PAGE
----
What a twist! Last week Obama dominated the news and jumped to his biggest lead ever in Gallup’s tracking poll over the weekend. He also leads in a number of national polls released Monday. So who would expect that yesterday McCain would break a long losing streak and grab his first lead in a national poll since early May? (How long a losing streak McCain just ended is evident with a quick look at RCP’s list of all national polls.) Although yesterday's poll means relatively little, the Republican's campaign will no doubt seize upon it as an island of hope in a sea of troubles. It helps that the poll was conducted by Gallup, as reputable a name among American pollsters as any. (Note: The poll was conducted for USA Today and is not today’s edition of Gallup’s tracking poll.) Of course, we're talking about a 1% lead -- and that lead tallied only among likely voters:
- From a 6% deficit last month, McCain is now leading 49% to 45% among likely voters. Among registered voters, Obama leads 47% to 44% -- down from a 6% lead last month.
- The poll was taken over the week-end.
That was the only good polling news for McCain. Other national polls released this week find Obama clearly ahead, suggesting that the USA Today poll is the exception to the consistent but narrow Obama lead we have been seeing for weeks:
- First, Gallup’s tracking poll finds Obama leading 48% to 40%, a one point decline since yesterday but the biggest lead Obama has had in the tracking poll since March except for yesterday.
- Rasmussen’s tracking poll, on the other hand, finds Obama leading only 48% to 45%, down from 6% two days ago and 5% sunday.
- The fourth poll taken over the week-end is Research 2000’s first national poll: It finds Obama leading 51% to 39% with 3% to Bob Barr and 2% to Ralph Nader. The poll tested likely voters. An interesting finding is that the biggest regional swing in the past 4 years is the Midwest, where Obama now leads 53% to 37%, a 17% swing. Given the high concentration of battlegrounds in this region, Obama would surely win the election if he were to gain more in the Midwest than in the rest of the country.
- Two other national polls were released Monday but were taken early last week, making them a bit less valuable as the timeliness of surveys seems more important than usual. First, a Democracy Corps poll taken from the 21st to the 24th finds Obama leading 50% to 45%, 48% to 42% if Barr and Nader are included, a significant factor.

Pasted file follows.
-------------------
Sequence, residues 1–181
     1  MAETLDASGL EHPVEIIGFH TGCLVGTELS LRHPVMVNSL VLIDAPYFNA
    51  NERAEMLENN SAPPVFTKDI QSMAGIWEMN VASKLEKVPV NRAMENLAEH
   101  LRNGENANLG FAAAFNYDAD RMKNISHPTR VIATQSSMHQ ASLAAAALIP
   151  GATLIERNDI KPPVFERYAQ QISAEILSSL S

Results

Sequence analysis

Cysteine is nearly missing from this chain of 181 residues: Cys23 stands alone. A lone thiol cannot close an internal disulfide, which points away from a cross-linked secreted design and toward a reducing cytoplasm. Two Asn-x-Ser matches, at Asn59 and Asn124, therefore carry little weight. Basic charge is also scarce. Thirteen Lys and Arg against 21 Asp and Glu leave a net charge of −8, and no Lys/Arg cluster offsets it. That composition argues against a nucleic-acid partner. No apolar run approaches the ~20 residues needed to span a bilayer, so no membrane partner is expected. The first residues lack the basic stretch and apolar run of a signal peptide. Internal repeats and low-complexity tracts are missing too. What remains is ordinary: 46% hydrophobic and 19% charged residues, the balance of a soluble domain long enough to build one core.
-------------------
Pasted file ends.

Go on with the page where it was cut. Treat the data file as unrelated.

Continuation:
- A YouGov poll for The Economist finds Obama leading 41% to 38%. This one was taken from the 22nd to the 24th.
So what should we make of the USA Today/Gallup poll if five other polls today found Obama with a lead ranging from 3% to 12%? Gallup’s USA Today results are not what is interesting here: McCain’s lead is within the margin of error, and the lead it tracks is limited to the likely voter model. (Gallup’s editor says “registered voters are much more important at the moment,” though the poll does go against the conventional wisdom that Democrats are much more enthusiastic this year).
It is the psychological effect of a poll like this that matters: for McCain to come out with however slim a lead in a major national poll at the height of Obama’s media coverage must be a huge relief for Republicans, and it blunts the building narrative of Obama wildly successful international trip -- whatever other polls find in the coming days. The GOP desperately needs more energy if it is going to win the White House and the first step is for voters and strategists to begin believing the party can win.
Furthermore, that McCain is performing much stronger than he seems to have earned the right to be performing and that he is holding on in battleground states such as Ohio and Michigan despite slipping among base states such as Arizona has long been documented, including on this blog. This USA Today/Gallup’s poll feeds the storyline that Obama can not break through, despite incredibly strong campaigning weeks, like the one that just ended. That the numbers appear to be tightening once more in the tracking polls strengthen that narrative further.
Read more at Daniel Nichanian's blog Campaign Diaries.